BP has become the villain of this piece, although they are as beholden to the petrol cartels as any other major oil trust. What's astonishing is their admitted cluelessness over what to do about it. Too bad we don't have an underwater equivalent to Red Adair. When alleged "experts" in their field begin asking the public for suggestions on how to plug a leak, you know we're in big trouble. And they continue to refer to it as a "spill." A spill is what happens to a glass of wine. Two million gallons of oil gushing into the Gulf every day is not a spill, it's an underwater volcano, and BP's attempt to insert tubing into the shattered pipes to capture the oil is like siphoning water from the Mississippi with a garden hose. Now a month after the explosion and fire, and we have only seen their faulty caps and cement doghouses fail to stop it. The company's latest plan is to bombard the area with tires, ropes and golf balls. Wasn't that the premise of a Seinfeld episode? Rush Limbaugh removed an obstruction from his blowhole to blame the Sierra Club for the leak, by forcing the oil syndicates to drill further offshore with their pesky regulations. Come to think of it, old Rush might be the perfect fit to plug that thing.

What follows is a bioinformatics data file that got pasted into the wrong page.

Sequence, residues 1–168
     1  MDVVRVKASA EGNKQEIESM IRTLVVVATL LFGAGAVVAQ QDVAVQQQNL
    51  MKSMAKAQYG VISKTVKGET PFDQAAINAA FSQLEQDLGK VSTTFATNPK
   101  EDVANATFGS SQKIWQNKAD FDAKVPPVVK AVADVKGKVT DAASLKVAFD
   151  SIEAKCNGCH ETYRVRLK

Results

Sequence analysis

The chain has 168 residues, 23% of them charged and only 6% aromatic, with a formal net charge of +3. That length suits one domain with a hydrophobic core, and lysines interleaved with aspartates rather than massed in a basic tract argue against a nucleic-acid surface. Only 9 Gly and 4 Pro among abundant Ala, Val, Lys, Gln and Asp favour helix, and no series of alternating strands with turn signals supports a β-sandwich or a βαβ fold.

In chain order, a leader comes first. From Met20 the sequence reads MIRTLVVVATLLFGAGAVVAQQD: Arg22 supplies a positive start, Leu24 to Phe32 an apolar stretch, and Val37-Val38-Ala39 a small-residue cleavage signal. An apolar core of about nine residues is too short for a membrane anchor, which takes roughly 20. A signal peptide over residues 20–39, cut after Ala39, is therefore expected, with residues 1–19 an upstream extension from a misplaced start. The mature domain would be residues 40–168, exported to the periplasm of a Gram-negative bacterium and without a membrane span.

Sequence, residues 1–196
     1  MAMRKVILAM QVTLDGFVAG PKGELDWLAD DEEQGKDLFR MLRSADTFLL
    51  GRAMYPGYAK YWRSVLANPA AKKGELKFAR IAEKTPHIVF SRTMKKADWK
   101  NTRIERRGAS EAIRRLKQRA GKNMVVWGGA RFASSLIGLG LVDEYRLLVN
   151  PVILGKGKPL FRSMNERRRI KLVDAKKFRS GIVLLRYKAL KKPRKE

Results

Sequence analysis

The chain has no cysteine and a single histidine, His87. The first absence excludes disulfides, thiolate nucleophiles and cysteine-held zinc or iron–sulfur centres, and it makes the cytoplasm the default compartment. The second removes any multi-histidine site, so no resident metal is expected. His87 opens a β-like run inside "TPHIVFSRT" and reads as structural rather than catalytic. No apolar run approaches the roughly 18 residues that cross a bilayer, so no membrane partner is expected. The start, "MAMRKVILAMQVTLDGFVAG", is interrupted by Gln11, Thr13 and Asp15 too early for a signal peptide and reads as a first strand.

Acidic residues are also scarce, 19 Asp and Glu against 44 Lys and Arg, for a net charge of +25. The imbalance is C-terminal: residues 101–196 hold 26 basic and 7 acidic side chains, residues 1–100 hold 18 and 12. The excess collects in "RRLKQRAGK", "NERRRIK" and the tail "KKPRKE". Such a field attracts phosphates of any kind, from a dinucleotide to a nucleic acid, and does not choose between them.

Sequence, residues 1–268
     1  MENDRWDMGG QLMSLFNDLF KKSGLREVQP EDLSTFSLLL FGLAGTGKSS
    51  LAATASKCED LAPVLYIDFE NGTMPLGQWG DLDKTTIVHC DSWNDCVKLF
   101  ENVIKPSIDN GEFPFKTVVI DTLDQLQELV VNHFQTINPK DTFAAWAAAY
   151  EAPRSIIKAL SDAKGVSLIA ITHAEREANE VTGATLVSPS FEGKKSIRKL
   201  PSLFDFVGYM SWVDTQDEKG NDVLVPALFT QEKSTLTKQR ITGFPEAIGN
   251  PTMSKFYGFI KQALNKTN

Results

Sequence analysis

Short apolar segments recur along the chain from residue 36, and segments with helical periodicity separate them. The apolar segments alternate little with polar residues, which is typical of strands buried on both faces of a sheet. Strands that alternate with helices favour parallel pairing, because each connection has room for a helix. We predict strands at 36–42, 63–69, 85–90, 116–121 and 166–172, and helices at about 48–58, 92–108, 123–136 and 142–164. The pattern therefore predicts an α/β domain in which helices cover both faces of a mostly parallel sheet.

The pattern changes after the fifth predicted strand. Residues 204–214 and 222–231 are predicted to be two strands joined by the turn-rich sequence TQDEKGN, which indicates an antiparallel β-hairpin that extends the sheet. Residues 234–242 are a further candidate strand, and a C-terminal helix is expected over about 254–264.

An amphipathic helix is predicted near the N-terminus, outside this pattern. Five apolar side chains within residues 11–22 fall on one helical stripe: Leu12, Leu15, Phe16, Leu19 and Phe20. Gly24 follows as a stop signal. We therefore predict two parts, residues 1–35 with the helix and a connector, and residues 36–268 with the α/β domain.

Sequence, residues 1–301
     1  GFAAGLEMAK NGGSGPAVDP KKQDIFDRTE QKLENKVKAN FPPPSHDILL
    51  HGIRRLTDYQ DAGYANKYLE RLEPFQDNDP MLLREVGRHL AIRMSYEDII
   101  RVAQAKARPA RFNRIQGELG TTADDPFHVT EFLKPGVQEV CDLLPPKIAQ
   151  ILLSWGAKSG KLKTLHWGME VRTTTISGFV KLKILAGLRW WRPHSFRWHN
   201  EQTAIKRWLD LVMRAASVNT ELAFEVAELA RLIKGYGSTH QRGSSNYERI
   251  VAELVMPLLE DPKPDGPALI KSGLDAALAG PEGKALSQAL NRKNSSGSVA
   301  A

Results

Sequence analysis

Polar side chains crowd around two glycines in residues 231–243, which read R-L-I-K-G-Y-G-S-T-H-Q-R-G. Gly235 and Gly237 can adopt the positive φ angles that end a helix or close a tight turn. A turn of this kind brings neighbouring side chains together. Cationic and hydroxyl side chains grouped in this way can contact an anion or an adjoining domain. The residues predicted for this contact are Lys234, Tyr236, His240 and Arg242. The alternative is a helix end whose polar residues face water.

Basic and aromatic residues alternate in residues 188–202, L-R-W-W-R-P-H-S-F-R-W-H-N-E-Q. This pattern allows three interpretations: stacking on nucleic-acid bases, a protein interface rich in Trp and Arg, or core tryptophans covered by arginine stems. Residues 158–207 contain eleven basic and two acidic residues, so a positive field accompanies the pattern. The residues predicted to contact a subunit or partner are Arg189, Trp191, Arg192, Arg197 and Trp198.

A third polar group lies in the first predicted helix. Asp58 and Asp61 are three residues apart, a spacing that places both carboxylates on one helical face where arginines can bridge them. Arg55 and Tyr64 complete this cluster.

This atrocity's origins can be found in the era of lax regulation by government, and corner-cutting by ruthless profiteers. Since Dick Cheney allowed industry insiders to write this country's energy policy behind closed doors, we have lurched from one Enron rolling blackout to the next, driven by unfettered corporate greed. No company in US history has benefited more from friends in high places than Halliburton. Yet from the Persian Gulf to the Gulf of Mexico, they have been the very model of incompetence. It was Halliburton's responsibility to properly seal this well, but they used seaweed instead of cement. The only thing more disastrous than Cheney's oil war has been his corporate crony energy policies. Has there ever been a Vice President who has done more personal damage to his country than Dick Cheney? I think there's finally enough accumulated evidence to charge him with international racketeering under the RICO statutes. Hey, they finally got Al Capone for income tax evasion.